Share the word with them. Lead them to the One who will quench their thirst. Be aware of those who may need encouraged and redirected. Be on the lookout for those who are hungry for more. Dig deeper in your studies. The deeper you dig, the deeper they'll go, too.
Please excuse the cheesefest that is comparing sunlight to experiencing God. At least I spared you from dubbing this bullet point "Sonlight." You're welcome.
Seriously, though. Sometimes we get caught up in all the duties of doing church that we leave God completely out of the equation.
Quit trying to be God. You're pretty much a really low quality replacement for Him at best. That's like sticking a plant in a dark room with a fluorescent light bulb. (I'm assuming that's bad, right? I hope so, or this illustration makes no sense. Please if I'm wrong, don't correct me and just pretend that I'm right.)
All you've got to do is lead the people to God. Just like you place a plant in direct sunlight. You don't make the sunlight. (thank God.) You don't decide where it will shine. You align the plants with it. So, take a load off. Your job is easy.
Our lilacs don't bloom here usually until June. The tulips and hyacinths don't pop their heads up and the peonies stay hidden. Why? Because they're not stupid. There's no warmth.
I recently went on a family trip to the zoo. It was chilly out but it was still a great day. At one point we went into the conservatory where the tropical plants are kept. Instantly my glasses fogged up. We left the dreary, snowy world outside and entered this glorious paradise. Plants were thriving in this environment that wouldn't last one day outside the protective glass walls.
Your church needs to have warmth. I'm talking about the attitude of your church. What does your church's environment feel like? Is it cold and unwelcoming? Do people feel out of place? Uncomfortable? Does your church take on the attributes of a club that one has to audition for to enter?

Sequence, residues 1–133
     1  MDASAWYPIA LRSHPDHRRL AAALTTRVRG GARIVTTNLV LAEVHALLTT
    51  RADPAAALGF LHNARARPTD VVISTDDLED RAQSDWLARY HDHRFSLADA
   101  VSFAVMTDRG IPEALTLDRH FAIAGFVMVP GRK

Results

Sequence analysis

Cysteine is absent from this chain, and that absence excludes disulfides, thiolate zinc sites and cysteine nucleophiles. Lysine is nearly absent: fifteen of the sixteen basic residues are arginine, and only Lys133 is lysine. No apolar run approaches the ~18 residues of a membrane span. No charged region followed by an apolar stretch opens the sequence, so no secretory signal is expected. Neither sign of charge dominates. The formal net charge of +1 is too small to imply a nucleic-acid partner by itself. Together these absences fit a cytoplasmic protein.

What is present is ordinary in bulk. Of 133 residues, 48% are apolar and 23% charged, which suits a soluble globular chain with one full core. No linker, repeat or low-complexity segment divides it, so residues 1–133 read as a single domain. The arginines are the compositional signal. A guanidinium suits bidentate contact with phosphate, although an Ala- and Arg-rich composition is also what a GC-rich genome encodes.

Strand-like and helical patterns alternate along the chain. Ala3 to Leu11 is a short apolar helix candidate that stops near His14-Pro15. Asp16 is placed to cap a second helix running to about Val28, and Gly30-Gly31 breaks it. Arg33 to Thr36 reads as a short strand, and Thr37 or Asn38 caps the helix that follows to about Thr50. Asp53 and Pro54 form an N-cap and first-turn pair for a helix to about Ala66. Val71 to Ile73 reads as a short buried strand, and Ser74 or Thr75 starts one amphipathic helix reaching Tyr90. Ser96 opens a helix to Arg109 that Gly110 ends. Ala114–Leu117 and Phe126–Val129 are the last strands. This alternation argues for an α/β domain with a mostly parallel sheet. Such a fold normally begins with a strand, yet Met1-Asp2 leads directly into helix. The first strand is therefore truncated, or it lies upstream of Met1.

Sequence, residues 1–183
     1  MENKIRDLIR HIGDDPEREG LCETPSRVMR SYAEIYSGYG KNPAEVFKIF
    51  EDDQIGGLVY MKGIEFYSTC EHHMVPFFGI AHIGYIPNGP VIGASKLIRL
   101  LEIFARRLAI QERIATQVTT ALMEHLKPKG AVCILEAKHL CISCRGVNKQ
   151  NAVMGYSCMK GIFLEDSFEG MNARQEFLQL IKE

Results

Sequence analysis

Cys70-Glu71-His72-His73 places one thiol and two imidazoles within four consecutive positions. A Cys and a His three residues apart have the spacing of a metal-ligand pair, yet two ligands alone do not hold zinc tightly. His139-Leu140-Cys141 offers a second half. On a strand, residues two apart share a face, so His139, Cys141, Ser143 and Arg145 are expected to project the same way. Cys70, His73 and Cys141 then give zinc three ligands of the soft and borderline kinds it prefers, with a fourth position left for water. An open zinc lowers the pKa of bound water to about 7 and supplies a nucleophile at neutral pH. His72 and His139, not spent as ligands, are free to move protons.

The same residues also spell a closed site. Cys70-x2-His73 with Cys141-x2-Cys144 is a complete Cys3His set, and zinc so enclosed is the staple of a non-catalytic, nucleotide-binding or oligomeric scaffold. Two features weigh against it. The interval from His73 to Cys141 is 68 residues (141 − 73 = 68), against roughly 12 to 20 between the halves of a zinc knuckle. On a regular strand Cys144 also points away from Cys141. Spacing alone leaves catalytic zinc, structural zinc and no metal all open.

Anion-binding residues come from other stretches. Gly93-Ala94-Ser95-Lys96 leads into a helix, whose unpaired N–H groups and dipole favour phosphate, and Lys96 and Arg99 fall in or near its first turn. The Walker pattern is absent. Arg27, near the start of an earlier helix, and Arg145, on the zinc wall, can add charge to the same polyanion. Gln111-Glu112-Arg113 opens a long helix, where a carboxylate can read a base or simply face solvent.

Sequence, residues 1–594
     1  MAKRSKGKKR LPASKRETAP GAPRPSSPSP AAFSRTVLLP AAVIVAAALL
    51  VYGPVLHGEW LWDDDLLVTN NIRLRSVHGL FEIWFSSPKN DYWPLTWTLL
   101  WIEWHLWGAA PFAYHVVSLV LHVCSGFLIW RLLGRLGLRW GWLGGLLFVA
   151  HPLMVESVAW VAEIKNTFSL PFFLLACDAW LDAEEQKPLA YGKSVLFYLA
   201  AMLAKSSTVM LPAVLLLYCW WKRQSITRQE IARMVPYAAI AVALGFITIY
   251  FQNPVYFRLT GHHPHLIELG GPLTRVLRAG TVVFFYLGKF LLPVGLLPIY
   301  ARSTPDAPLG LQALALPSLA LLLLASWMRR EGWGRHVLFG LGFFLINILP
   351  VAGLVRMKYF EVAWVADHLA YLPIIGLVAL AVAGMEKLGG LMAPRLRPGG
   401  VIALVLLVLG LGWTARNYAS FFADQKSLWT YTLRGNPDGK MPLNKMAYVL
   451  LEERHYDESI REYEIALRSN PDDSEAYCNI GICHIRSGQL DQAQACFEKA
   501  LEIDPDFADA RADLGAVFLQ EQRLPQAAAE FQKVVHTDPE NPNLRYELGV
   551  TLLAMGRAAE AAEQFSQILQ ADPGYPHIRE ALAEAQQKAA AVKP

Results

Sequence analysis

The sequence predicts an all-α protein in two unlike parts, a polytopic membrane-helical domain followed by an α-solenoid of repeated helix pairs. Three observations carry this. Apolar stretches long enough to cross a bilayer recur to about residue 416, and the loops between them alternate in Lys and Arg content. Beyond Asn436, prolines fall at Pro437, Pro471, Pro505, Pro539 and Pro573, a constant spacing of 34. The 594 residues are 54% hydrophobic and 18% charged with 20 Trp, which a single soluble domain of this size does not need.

Or are you fostering a warm environment? One that makes people feel welcome, connected, included?
So, with these tips, a touch of miracle gro, some high grade manure and a few aeration techniques, you'll be well on your way to a healthy church plant. Oh, and I apologize if you stumbled upon this thinking you were going to actually get some good advice about church plants. The best advice I can give is go silk or go home. Just make sure you dust them.
Kids are destructive. If you don't believe me, feel free to borrow mine for a day. Make sure you lock away any glass or china you'd like to keep.
- Keep away from the Kids!
A couple summers ago, I was working in our garden and Aidan would come barreling through in his underwear and gum boots, leaving a wake of trampled seedlings behind him. Those plants didn't stand a chance.
At our church the kids love to break off the wide, rubbery leaves of our plant and either wave them around in the air or hit each other with them. They're constantly picking and picking at the tree and I wonder if one day there will be no more leaves left.
They're like the distractions that constantly pick at you, causing you to lose your focus on what's important. They're the negative voices that call out to you letting you know that this whole thing is going to end up a big fat failure You don't know what you're doing. You're in way over your head. They're all the little projects and programs that you think are so important, but you're missing out on the basics of what church is supposed to be.
They're the little foxes that are spoiling the vine. What's causing you to lose focus? What's distracting you from what really matters? You'll begin to notice that slowly the church is being transformed from full and lush to bare and anemic. Stay focused!